The change of opponent didn't seem to matter.
Early in the first round, Sandhagen sent Bautista careening to the ground with a rocket-fuelled flying knee. The pair then briefly returned the feet, but the action soon hit the mat again when Bautista deftly countered an attempt at a whizzer throw with a takedown of his own.
This second trip to the canvas was the catalyst for Bautista's doom, as Sandhagen began feverishly hunting for submissions. First it was a triangle, then it was kimura, and finally, an armbar that forced the tap.
It was a dizzying display of killer instinct on the ground capped off by a beautiful example of one of MMA's most popular submissions—all on one of the UFC's most important shows of the year. Nearly 12 months later, it's still the coolest submission of 2019.
Runner-Up: Brent Primus' Bellator Gogoplata
Had Sandhagen not tied Bautista into a knot in January, Brent Primus' May defeat of Tim Wilde would have been our 2019 Submission of the Year.
Primus, the former Bellator lightweight champion, entered the cage with Wilde in dire need of a win, having recently surrendered the belt to Michael Chandler. He got the win he sought and more, finishing his foe with one of the rarest submissions in MMA: the gogoplata. And he did it in less time than it takes to microwave a Hot Pocket.
Roughly a minute into the fight, Wilde chopped Primus down with a leg kick. He then chased the former champion on to the canvas, which turned out to be a major error. After a momentary struggle, Primus locked up the gogoplata from bottom position, driving his left shin into his foe's neck, and pulling down his head for a fight-ending squeeze.
MMA Fight of the Year 2019
Fight of the Year: Israel Adesanya defeats Kelvin Gastelum
A wannabe Fight of the Year needs to check a lot of boxes.
• A significant prize at stake
• Multiple swings in momentum
• The real possibility of a surprise result
• Enough violence to keep Joe Rogan shrieking
• A dramatic final-round crescendo
The UFC 236 brawl between Israel Adesanya and Kelvin Gastelum had all those items in spades, and, amazingly enough, it wasn't even the marquee-topper on that early-spring night in Atlanta.
In fact, though it was merely a sidepiece to the Dustin Poirier-Max Holloway rematch, the thrown-together interim title bout at 185 pounds was worthy of revisionist main-event status after both men—including the unbeaten betting favorite—were shaken and rattled, not to mention dead-even on the scorecards as they rolled into the final five minutes of a 25-minute instant classic.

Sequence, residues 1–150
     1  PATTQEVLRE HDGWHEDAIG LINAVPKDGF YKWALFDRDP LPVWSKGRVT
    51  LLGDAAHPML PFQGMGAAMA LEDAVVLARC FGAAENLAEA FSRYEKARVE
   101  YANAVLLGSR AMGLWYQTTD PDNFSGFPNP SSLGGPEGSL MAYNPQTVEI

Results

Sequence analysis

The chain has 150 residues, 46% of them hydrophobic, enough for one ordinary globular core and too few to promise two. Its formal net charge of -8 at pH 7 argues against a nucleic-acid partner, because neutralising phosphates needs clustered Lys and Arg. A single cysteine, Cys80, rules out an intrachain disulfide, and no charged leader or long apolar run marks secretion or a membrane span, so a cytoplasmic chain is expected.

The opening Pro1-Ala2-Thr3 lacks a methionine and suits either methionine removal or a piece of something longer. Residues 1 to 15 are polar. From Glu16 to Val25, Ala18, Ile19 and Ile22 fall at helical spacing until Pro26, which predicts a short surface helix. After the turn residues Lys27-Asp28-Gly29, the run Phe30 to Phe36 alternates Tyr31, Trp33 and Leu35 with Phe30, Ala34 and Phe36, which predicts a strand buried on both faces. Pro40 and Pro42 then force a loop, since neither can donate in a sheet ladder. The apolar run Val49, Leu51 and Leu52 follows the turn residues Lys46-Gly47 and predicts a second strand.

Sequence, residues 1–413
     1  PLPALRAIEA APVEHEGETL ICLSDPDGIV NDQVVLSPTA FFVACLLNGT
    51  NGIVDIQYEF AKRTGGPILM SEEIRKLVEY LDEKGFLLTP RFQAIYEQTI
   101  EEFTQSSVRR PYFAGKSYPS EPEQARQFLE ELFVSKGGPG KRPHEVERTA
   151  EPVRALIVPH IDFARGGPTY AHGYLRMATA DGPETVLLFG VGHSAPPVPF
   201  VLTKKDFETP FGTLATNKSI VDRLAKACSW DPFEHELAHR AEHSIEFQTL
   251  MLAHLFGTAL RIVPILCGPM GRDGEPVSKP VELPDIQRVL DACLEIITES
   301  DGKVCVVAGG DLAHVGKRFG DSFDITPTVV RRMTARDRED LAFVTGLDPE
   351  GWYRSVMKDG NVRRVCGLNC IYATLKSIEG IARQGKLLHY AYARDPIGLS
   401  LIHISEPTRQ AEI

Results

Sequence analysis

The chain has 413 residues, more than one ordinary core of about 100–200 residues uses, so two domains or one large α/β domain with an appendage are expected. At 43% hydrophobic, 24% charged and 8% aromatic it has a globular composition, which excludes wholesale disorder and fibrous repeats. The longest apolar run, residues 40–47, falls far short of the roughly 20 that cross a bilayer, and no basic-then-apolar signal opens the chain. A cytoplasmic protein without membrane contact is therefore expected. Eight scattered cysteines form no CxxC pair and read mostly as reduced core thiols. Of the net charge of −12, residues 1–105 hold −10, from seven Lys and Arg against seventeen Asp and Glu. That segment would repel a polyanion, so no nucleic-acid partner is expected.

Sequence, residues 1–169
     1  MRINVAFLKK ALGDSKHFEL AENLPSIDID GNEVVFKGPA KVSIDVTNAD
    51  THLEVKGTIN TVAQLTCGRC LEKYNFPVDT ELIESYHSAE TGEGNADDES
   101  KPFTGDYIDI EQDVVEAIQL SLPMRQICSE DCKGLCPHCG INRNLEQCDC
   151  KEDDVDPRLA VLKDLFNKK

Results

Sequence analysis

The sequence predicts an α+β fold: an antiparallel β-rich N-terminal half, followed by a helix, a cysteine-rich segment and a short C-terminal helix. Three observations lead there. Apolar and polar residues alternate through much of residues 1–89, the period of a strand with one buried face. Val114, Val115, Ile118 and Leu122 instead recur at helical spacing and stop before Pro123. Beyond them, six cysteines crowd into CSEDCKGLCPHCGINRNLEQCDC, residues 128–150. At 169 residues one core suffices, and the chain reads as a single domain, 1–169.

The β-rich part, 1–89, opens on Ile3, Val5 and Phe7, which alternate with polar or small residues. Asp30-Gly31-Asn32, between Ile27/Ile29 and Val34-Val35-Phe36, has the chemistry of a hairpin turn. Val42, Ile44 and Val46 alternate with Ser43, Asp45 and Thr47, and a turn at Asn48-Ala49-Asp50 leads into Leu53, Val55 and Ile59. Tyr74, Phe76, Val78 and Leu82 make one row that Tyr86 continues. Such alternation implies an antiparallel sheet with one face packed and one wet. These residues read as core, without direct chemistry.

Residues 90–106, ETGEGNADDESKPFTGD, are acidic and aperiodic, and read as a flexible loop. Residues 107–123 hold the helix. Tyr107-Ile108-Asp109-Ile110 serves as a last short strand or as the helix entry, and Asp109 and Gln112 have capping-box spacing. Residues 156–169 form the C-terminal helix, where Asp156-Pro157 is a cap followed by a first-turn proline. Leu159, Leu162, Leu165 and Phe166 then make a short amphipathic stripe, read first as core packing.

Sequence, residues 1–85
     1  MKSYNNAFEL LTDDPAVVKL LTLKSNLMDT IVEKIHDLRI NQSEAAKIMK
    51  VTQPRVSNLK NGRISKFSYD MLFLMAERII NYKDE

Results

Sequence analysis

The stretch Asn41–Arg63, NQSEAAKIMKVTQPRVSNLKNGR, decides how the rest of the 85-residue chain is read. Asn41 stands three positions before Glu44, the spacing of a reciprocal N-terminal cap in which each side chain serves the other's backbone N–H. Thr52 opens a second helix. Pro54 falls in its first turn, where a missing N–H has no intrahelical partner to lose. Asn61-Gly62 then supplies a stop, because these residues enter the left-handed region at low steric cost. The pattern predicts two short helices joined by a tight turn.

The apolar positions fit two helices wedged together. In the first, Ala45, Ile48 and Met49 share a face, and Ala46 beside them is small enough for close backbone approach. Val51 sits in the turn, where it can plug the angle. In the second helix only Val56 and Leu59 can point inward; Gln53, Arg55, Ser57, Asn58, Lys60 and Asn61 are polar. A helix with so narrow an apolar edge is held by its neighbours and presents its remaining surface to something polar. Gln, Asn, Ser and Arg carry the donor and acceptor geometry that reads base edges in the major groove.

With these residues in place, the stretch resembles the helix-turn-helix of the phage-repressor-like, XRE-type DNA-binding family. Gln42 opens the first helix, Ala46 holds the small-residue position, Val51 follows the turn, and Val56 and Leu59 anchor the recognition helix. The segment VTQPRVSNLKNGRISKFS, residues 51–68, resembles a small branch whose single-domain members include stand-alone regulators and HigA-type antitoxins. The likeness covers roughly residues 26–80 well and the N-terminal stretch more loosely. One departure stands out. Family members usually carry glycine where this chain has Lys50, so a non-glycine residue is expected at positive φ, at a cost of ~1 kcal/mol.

A grappler by form, Gastelum broke from pre-fight chalk and got to work with his fists as the fight began, nearly depositing his strike-specialist foe on the mat with a right hook in the opening round. The resilient Adesanya responded, however, and seized control in the form of a knockdown with his own right-hand shot in the second and continued success from distance in the third.
A clean kick to the head got Gastelum back into the fray in the fourth, and a salvo of power punches had Adesanya reeling in its last minute, setting up a compelling final round that began with Gastelum going for a clincher via takedown.
But Adesanya rallied yet again, and though he was unable to get a submission on the mat, he was the more active fighter down the stretch, scoring another knockdown with a vicious combination with just more than a minute to go and cementing a decisive 10-8 round—and the narrow, but unanimous, decision that came with it—with a brutal ground-and-pound sequence to the final bell.
The winner parlayed his triumph into a long-awaited title shot 176 days later and emerged as full-fledged king of the middleweights with a second-round KO of Robert Whittaker at UFC 243 in October. Gastelum, meanwhile, is still searching for a return to the win column after dropping a split three-round verdict to Darren Till at UFC 244 a month later.
Runner-Up: Paulo Costa vs. Yoel Romero
Another middleweight bout, another classic.
And again, though buried on the card beneath a title change at heavyweight and the return of Nate Diaz, Paulo Costa vs. Yoel Romero was a three-round slugfest between an unbeaten Brazilian and a menacing Cuban that came away from August's UFC 241 show with scores of raised eyebrows.
"That was one of the rare fights that lived up to all of the hype," Joe Rogan exclaimed, on the ESPN+ broadcast. "Amazing."
Both men were dropped in a tumultuous first round, and Costa barely got the better of Round 2 with his hands despite a late Romero takedown. Romero responded with his own effective punches in the third, then he shook off a midsection-searing kick from Costa before reigniting the fracas down the stretch.
Costa was awarded the decision by matching 29-28 scores on all three cards.
MMA Story of the Year 2019
Story of the Year: Jorge Masvidal's Amazing Mid-30s Comeback